Modist is turning 8FB

SATURDAY 4.20

Modist’s 8-Bit Anniversary Party

Modist Brewing Company

For its eighth b-day party, North Loop brewhall Modist is leaning heavily into the 4/20 holiday by appealing to the inner stoner skater kid inside all of us (you know he’s in there!). In the taproom, folks will find a selection of arcade games, special beer and THC releases, and tunes from Mike Davis and Boombox. Starting around 5 p.m. it’s a skater gathering in their new(ish) event space. After Hours Skate Shop will be setting up with skate videos and a killer live music lineup featuring Crush Scene, Black Widows, and Gay Witch Abortion. Outside and in the warehouse? Well, that’s where you’ll find a THC market of sorts, with glass-blowing demos and local companies selling their wares. Other things on wheels at this party: food trucks and a beer truck offering even more beer. Free. Noon to midnight. 505 N. Third St., Minneapolis.—Jessica Armbruster

Powderhorn 4:20

Venture Bikes

The Powderhorn 24—a 24-hour alleycat race-slash-community hang in South’s Powderhorn neighborhood—hasn’t happened for several years now. (Since the pandemic? My old brain struggles to remember.) In any case, it’s coming back in 2024… sort of. The Powderhorn 4:20 will be a 4 hour, 20-minute long bike race that, like its daylong antecedent, finds cyclists completing as many laps as possible before time runs out. Register here, individually or as part of a team, and head to Venture Bikes on the Greenway this Saturday to ride, party, and pay homage to one of Minneapolis’s most iconic annual cycling events. Free. 2 p.m. 1000 Midtown Greenway, Minneapolis; more info here.—Em Cassel

Earth Day Cleanup

Various Locations

Generally during the winter, the piles of trash around the Twin Cities are covered in snow; they won’t reappear until it melts each spring, along with tulips and tree buds. But this warm, snowless winter provided no such reprieve—perhaps you too noticed far more trash along the roadways this year, with no snow cover providing a false sense of clean. We’re sick of looking at filth, in other words, and this year’s annual Earth Day cleanup can’t come soon enough. There are 44 park sites hosting volunteer cleanup efforts in Minneapolis, from Armatage to Webber (9:30 a.m. to 12 p.m.). No need to register, or to BYO anything, just show up and grab the provided trash bag and gloves. Same deal in St. Paul: Find a site, pick up your materials, and get ready to beautify the neighborhood (9:30 a.m. to 11:30 a.m.).—Em Cassel 

Record Store Day

Various Locations

Record Store Day may have started as a way to lure people into shops with collectable new releases, but in the years since it has also blossomed into an excuse for free outdoor spring parties. At Electric Fetus this year, big-deal local rockers Durry will play an acoustic set, and the rest of the day will be given over to DJ sets, including one by Kerry Alexander and Chris Hoge of Bad Bad Hats. Muun Bato and The 99'ers headline a day of music at Barely Brothers, while Know Name’s RSD event doubles as a celebration of their 47th anniversary, with music from July Fighter and All the Pretty Horses. There’s a whole lot more going on; here’s a complete list of participating Minnesota stores for you to search through.—Keith Harris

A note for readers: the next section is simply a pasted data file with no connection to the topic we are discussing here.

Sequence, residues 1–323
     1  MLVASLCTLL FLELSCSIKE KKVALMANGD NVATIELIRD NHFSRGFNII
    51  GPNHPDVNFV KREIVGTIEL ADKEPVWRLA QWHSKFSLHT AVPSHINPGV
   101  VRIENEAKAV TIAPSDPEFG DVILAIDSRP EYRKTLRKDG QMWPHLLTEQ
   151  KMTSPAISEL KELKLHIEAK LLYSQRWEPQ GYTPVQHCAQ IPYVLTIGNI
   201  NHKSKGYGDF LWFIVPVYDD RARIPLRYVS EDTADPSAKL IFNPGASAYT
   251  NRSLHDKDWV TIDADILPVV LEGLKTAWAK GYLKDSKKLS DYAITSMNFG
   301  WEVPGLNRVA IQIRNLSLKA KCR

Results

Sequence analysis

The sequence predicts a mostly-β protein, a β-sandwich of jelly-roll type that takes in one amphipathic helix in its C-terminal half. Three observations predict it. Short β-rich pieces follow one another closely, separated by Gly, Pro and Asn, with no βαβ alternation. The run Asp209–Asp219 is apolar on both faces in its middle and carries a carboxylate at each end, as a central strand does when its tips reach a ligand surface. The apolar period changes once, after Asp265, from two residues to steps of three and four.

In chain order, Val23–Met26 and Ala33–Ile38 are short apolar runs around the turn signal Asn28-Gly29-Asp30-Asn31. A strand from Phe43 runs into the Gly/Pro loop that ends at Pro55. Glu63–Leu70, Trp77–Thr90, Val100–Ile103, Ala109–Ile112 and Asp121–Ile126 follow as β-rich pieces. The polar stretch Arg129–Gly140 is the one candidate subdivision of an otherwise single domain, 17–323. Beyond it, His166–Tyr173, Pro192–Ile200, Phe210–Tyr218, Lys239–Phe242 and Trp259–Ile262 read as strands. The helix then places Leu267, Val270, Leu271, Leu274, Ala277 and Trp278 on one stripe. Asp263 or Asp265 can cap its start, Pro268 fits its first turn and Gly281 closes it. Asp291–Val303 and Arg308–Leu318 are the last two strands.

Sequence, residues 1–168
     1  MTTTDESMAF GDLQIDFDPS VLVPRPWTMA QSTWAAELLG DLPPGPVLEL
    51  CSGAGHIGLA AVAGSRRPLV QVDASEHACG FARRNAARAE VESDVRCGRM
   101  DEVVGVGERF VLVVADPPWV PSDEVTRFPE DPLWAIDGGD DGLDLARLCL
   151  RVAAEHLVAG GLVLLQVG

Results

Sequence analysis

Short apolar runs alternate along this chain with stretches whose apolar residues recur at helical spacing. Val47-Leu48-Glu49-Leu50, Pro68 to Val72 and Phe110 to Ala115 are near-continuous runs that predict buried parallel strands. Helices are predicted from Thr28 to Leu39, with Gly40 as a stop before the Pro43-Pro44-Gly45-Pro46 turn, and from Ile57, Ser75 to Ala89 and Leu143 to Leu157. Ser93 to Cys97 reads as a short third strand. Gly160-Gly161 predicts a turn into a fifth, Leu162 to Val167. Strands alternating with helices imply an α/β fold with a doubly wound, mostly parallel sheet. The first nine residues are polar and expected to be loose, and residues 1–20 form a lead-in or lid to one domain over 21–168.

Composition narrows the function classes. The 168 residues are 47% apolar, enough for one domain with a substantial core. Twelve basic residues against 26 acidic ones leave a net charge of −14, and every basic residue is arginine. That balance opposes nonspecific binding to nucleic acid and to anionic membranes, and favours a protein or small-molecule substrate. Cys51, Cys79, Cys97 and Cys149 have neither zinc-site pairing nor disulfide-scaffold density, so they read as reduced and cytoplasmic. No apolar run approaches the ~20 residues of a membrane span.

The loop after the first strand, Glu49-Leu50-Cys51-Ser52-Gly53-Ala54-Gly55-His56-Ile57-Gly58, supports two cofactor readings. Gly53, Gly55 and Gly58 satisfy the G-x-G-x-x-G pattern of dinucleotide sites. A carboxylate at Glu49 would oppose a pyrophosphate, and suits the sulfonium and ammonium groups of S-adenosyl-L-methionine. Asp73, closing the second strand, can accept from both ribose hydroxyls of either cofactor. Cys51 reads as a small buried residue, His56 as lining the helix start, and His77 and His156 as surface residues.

The Great Minnsect Show

U of M St. Paul Student Center

Folks, there’s no bigger date on the U of M Department of Entomology’s calendar than today. And, to hear department head Dr. Sujaya Rao tell it, the Great Minnsect Show gives curious and/or adventurous Minnesotans their best opportunity to eat bugs. She knows a thing or two about chomping insects, having presented the TEDx Minneapolis talk “Why We Should All Eat Bugs.” (We chatted with Dr. Rao last week, and she reported she’s baking batches of her famous cricket brownies for the bug, er, sorry, big event.) Beyond sampling tiny critters, the family-friendly bug bash will feature live insects, insect-themed games, crafts, prizes, and educational talks from the region's top entomologists. Channel your inner Timon and Pumbaa and get on down to the St. Paul campus. Free. 10 a.m. to 3 p.m. 2017 Buford Ave., St. Paul; find more info here.—Jay Boller

Anthony JeselnikPromo

Anthony Jeselnik

State Theatre

Few comedians are as unfailingly dark and funny as Jeselnik, whose psychopathic persona cooks up album titles like Fire in the Maternity Ward. Unlike some shock-value comics, Jeselnik dazzles with misdirection, sometimes arriving at punchlines that reveal noble truths (see: the closer to his 2015 special Thoughts and Prayers). These days, the 45-year-old comic hosts a podcast, The Jeselnik & Rosenthal Vanity Project, that focuses on lighter subjects like sports, which makes sense considering best friend/cohost Gregg Rosenthal is a longtime NFL reporter. Not much has been publicized about Jeselnik’s current Bones and All tour, though Redditors seem impressed. $59-$99. 7 p.m. 805 Hennepin Ave., Minneapolis; find more info here.—Jay Boller